Deutsche Bank is to cut 18,000 jobs by 2022 as part of a radical re-organisation.
The German Bank intends to completely exit activities related to the buying and selling of shares.
According to its website, it employs over 650 people at the Eastpoint Business Park in Dublin, and a further 60 in the IFSC.
Deutsche Bank is yet to specify exactly where jobs will be lost but it is believed that their European and US operations will be hit hardest.
However, they have already reportedly began to cut jobs in Sydney, Hong Kong and elsewhere in the Asia-Pacific region.
The layoffs come two months after the company’s chief executive, Christian Sewing, promised shareholders tough cutbacks to save more €1bn.
Job losses come just over a year after the bank slashed 6,000 jobs across its global business, as part of a first round of restructuring.
It flagged the need for further “extensive restructuring” in May, paving the way for the next tranche of major job losses which will impact on 20% of its global workforce.
Deutsche Bank has not revealed how many of its UK workforce will be affected.
Mr Sewing said: “We have announced the most fundamental transformation of Deutsche Bank in decades.
“We are tackling what is necessary to unleash our true potential – our business model, costs, capital and the management team.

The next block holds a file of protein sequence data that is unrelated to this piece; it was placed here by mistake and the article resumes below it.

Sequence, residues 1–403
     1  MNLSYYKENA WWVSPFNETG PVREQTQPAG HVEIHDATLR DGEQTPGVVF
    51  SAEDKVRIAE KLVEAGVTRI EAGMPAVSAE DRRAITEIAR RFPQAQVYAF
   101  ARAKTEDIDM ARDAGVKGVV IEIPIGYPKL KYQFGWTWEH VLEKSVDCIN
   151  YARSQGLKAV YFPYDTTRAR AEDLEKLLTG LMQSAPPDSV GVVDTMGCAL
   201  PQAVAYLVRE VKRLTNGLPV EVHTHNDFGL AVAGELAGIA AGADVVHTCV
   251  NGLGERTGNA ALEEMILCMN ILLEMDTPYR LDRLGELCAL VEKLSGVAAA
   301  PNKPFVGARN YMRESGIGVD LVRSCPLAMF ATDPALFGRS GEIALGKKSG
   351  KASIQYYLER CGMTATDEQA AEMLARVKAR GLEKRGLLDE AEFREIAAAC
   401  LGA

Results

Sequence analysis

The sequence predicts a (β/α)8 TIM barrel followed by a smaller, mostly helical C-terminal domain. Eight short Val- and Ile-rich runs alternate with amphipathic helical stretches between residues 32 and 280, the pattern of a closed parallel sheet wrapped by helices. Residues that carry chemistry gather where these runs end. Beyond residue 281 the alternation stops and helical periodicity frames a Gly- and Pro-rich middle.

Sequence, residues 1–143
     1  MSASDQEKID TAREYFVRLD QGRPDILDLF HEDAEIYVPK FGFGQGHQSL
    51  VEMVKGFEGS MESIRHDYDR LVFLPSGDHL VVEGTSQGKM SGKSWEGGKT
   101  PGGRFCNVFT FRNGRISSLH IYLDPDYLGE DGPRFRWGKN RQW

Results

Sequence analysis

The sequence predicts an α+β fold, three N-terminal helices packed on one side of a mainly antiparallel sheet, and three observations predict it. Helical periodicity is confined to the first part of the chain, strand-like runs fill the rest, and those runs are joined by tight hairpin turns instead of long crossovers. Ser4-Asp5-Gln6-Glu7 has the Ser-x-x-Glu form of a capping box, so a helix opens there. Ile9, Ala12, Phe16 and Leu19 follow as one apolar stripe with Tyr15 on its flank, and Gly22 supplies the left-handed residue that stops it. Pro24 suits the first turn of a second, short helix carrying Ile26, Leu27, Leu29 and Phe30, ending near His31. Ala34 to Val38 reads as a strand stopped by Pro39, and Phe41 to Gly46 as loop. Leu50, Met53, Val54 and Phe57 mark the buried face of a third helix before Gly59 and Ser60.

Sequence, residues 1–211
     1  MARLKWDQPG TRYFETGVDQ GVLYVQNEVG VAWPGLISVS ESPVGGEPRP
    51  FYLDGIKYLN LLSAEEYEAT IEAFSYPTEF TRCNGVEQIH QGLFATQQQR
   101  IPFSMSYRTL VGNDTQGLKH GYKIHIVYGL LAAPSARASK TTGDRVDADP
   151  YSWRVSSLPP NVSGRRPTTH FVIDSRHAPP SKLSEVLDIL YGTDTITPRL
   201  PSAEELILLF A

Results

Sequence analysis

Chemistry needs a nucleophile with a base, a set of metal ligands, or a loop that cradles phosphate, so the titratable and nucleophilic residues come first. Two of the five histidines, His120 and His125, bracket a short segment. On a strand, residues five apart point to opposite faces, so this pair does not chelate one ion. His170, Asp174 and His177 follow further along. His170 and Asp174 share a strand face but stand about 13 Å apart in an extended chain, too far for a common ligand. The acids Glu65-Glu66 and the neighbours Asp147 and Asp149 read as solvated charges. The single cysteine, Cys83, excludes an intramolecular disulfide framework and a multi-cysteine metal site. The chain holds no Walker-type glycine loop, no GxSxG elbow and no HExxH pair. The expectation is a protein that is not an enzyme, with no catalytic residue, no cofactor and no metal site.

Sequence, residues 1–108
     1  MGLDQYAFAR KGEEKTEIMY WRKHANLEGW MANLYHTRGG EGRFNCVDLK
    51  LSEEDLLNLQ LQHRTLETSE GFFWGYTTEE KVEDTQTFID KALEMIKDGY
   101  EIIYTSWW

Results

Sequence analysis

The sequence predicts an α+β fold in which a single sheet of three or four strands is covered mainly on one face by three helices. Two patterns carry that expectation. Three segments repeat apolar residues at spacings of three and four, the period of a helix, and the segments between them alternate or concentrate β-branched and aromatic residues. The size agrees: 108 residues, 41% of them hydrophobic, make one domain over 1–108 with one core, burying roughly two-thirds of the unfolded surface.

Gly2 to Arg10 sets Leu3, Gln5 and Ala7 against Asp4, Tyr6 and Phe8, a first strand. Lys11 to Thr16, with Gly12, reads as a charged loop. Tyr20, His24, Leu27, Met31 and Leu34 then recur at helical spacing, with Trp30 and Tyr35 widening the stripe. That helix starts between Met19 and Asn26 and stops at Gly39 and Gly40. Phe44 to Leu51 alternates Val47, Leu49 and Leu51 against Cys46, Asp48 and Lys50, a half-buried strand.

“We are determined to generate long-term, sustainable returns for shareholders and restore the reputation of Deutsche Bank.”
The restructure comes after the bank suffered multiple blows to its reputation in recent years, including failed stress tests in the US and raids by German police in November as part of money laundering investigations.
Paul Achleitner, chairman of the bank’s supervisory board, said: “Deutsche Bank has been through a difficult period over the past decade, but with this new strategy in place we now have every reason to look forward with confidence and optimism.
“This fundamental transformation is the right response to the major changes and challenges in the financial industry.”
It had hoped to stabilise its perilous position through a merger with fellow German firm Commerzbank but scrapped plans in April, saying the risks and costs involved were too great.
The banking giant also said in 2017 that it could axe up to 4,000 roles in the UK as a result of Brexit.
Deutsche Bank said it is expecting costs of around €7.4bn by the end of 2022, which will include €3bn in the second quarter of 2019, as part of the restructuring.
The Frankfurt-based bank expects to make a €2.8bn loss for the current quarter, following the job losses.